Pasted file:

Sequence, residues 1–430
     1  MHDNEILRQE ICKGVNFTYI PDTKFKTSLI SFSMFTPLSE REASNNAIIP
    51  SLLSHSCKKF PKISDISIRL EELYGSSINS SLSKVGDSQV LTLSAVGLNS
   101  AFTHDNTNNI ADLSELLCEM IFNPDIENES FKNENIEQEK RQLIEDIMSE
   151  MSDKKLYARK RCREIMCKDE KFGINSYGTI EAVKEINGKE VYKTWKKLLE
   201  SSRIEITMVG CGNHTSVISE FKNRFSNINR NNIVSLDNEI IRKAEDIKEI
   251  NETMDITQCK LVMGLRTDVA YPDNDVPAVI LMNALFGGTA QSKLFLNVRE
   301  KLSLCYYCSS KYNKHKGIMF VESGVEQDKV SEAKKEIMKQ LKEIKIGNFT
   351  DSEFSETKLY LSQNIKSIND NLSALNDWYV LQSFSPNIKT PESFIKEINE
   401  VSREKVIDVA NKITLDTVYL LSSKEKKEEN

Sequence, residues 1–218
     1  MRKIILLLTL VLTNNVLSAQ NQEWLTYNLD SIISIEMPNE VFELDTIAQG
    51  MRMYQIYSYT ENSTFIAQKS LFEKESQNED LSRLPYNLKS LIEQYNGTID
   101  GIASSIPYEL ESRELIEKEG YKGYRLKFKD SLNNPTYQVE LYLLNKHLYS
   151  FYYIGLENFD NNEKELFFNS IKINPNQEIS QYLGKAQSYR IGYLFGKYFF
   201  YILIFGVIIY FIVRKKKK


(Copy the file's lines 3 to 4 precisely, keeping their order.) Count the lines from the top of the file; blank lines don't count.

    51  SLLSHSCKKF PKISDISIRL EELYGSSINS SLSKVGDSQV LTLSAVGLNS
   101  AFTHDNTNNI ADLSELLCEM IFNPDIENES FKNENIEQEK RQLIEDIMSE